- 7. Longcore JE, Pessier AP, Nichols DK (1999) Batrachochytrium dendrobatidis gen et sp nov, a chytrid pathogenic to amphibians. Mycologia 91: 219–227.
- 8. James TY, Letcher PM, Longcore JE, Mozley-Standridge SE, Porter D, et al. (2006) A molecular phylogeny of the flagellated fungi (Chytridiomycota) and description of a new phylum (Blastocladiomycota). Mycologia 98: 860–871.
- 9. Morehouse EA, James TY, Ganley ARD, Vilgalys R, Berger L, et al. (2003) Multilocus sequence typing suggests the chytrid pathogen of amphibians is a recently emerged clone. Mol Ecol 12: 395–403.
- 10. James TY, Litvintseva AP, Vilgalys R, Morgan JAT, Taylor JW, et al. (2009) Rapid global expansion of the fungal disease chytridiomycosis into declining and healthy amphibian populations. PLoS Pathog e1000458: doi:10.1371/journal.ppat.1000458.
- 11. Weldon C, du Preez LH, Hyatt AD, Muller R, Speare R (2004) Origin of the amphibian chytrid fungus. Emerg Infect Dis 10: 2100–2105.
- 12. Goka K, Yokoyama J, Une Y, Kuroki T, Suzuki K, Nakahara M, Kobayashi A, Inaba S, Mizutani T, Hyatt AD (2009) Amphibian chytridiomycosis in Japan: distribution, haplotypes and possible route of entry into Japan. Molecular Ecology 18: 4757–4774.
- 13. Fisher MC, Garner TWJ (2007) The relationship between the emergence of Batrachochytrium dendrobatidis, the international trade in amphibians and introduced amphibian species. Fungal Biol Rev 21: 2–9.
- 14. Kirshtein JD, Anderson CW, Wood JS, Longcore JE, Voytek MA (2007) Quantitative PCR detection of Batrachochytrium dendrobatidis DNA from sediments and water. Dis Aquat Org 77: 11–15.
- 15. Walker SF, Salas MB, Jenkins D, Garner TWJ, Cunningham AA, et al. (2007) Environmental detection of Batrachochytrium dendrobatidis in a temperate climate. Dis Aquat Org 77: 105–112.
- 16. Voyles J, Berger L, Young S, Speare R, Webb R, et al. (2007) Electrolyte depletion and osmotic imbalance in amphibians with chytridiomycosis. Dis Aquat Org 77: 113–118.
- 17. Voyles J, Young S, Berger L, Campbell C, Voyles WF, Dinudom A, Cook , Webb R, Alford RA, Skerratt LF, Speare R (2009) Pathogenesis of chytridiomycosis, a cause of catastrophic amphibian declines. Science 326: 582–585.
- 18. Piotrowski JS, Annis SL, Longcore JE (2004) Physiology of Batrachochytrium dendrobatidis, a chytrid pathogen of amphibians. Mycologia 96: 9–15.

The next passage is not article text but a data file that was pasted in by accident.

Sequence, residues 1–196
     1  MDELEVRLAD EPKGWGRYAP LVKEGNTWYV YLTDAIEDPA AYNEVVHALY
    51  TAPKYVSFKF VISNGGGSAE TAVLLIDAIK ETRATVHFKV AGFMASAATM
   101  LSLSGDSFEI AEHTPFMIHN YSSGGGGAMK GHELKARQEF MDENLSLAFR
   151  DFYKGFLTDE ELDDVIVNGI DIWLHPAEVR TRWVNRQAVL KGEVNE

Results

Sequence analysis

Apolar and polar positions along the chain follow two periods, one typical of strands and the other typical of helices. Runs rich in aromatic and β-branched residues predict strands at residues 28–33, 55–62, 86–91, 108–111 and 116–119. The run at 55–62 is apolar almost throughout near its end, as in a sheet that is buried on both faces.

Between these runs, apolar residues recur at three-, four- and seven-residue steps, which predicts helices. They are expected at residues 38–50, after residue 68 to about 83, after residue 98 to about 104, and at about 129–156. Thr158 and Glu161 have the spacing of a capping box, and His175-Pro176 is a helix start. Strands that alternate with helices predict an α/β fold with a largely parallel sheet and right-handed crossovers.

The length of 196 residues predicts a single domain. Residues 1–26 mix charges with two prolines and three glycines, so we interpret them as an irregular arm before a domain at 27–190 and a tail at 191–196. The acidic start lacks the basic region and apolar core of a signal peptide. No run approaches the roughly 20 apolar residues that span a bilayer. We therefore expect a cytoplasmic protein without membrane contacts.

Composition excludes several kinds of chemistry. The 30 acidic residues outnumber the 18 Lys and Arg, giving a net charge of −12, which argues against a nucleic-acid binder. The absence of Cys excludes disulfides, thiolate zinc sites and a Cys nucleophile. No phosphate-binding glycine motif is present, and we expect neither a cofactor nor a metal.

- 19. Symonds EP, Trott DJ, Bird PS, Mills P (2008) Growth characteristics and enzyme activity in Batrachochytrium dendrobatidis isolates. Mycopathologia 166: 143–147.
- 20. Rosenblum EB, Stajich JE, Maddox N, Eisen MB (2008) Global gene expression profiles for life stages of the deadly amphibian pathogen Batrachochytrium dendrobatidis. Proc Natl Acad Sci U S A 105: 17034–17039.
- 21. Rosenblum EB, Fisher MC, James TY, Stajich JE, Longcore JE, Gentry LR, Poorten TJ (2009) A molecular perspective: biology of the emerging pathogen Batrachochytrium dendrobatidis. Dis Aquat Org. doi:10.3354/dao02179.
- 22. Berger L, Marantelli G, Skerratt LL, Speare R (2005) Virulence of the amphibian chytrid fungus Batrachochytrium dendrobatidis varies with the strain. Dis Aquat Org 68: 47–50.
- 23. Fisher MC, Bosch J, Yin Z, Stead DA, Walker J, et al. (2009) Proteomic and phenotypic profiling of the amphibian pathogen Batrachochytrium dendrobatidis shows that genotype is linked to virulence. Mol Ecol 18: 415–429.
- 24. Daszak P, Strieby A, Cunningham AA, Longcore JE, Brown CC, et al. (2004) Experimental evidence that the bullfrog (Rana catesbeiana) is a potential carrier of chytridiomycosis, an emerging fungal disease of amphibians. Herpetolog J 14: 201–207.
- 25. Lamirande EW, Nichols DK (2002) Effects of host age on susceptibility to cutaneous chytridiomycosis in blue-and-yellow poison dart frogs (Dendrobates tinctorius). St. Paul, Minnesota.: pp. 3–13. In Proceedings of the Sixth International Symposium on the Pathology of Reptiles and Amphibians, 18–19 April 2001.
- 26. Woodhams DC, Alford RA, Marantelli G (2003) Emerging disease of amphibians cured by elevated body temperature. Dis Aquat Org 55: 65–67.
- 27. Retallick RWR, McCallum H, Speare R (2004) Endemic infection of the amphibian chytrid fungus in a frog community post-decline. PLoS Biol 2: e351. doi:10.1371/journal.pbio.0020351.
- 28. Briggs CJ, Vredenburg VT, Knapp RA, Rachowicz LJ (2005) Investigating the population-level effects of chytridiomycosis: An emerging infectious disease of amphibians. Ecology 86: 3149–3159.
- 29. Woodhams DC, Ardipradja K, Alford RA, Marantelli G, Reinert LK, et al. (2007) Resistance to chytridiomycosis varies among amphibian species and is correlated with skin peptide defenses. Anim Conserv 10: 409–417.
- 30. Harris RN, James TY, Lauer A, Simon MA, Patel A (2006) Amphibian pathogen Batrachochytrium dendrobatidis is inhibited by the cutaneous bacteria of Amphibian species. Ecohealth 3: 53–56.
- 31. Lips KR, Reeve JD, Witters LR (2003) Ecological traits predicting amphibian population declines in Central America. Conserv Biol 17: 1078–1088.
- 32. Rowley JJL, Alford RA (2007) Behaviour of Australian rainforest stream frogs may affect the transmission of chytridiomycosis. Dis Aquat Org 77: 1–9.
- 33. Voyles J, Cashins SD, Rosenblum EB, Pushendorf R (2009) Preserving pathogens for wildlife conservation: a case for action on amphibian declines. Oryx 43: 527–529.